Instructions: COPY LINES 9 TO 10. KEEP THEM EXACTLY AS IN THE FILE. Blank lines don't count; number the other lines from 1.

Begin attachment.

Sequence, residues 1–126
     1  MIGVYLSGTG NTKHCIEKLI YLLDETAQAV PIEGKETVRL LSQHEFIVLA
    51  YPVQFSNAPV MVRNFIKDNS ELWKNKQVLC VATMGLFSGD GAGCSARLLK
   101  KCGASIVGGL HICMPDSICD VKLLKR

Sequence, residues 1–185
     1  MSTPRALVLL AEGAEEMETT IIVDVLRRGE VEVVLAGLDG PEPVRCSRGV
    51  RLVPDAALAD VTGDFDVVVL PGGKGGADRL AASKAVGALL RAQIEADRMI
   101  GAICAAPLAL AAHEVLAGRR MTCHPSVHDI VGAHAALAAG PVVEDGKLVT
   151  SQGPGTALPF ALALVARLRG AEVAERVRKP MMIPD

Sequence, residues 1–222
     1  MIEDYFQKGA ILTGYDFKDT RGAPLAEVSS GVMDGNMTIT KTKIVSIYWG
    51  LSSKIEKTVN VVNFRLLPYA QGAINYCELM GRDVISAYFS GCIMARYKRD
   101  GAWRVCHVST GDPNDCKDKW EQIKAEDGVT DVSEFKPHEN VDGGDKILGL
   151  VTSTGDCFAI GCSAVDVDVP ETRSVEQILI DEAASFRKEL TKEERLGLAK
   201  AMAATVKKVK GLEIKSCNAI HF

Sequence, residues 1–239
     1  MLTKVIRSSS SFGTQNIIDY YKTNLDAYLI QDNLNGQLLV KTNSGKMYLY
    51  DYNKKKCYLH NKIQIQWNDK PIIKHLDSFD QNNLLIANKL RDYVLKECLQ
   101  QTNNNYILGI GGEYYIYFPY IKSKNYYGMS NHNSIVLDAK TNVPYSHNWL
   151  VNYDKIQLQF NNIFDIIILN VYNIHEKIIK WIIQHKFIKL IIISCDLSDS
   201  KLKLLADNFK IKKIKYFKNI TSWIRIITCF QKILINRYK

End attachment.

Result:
   151  SQGPGTALPF ALALVARLRG AEVAERVRKP MMIPD

Sequence, residues 1–222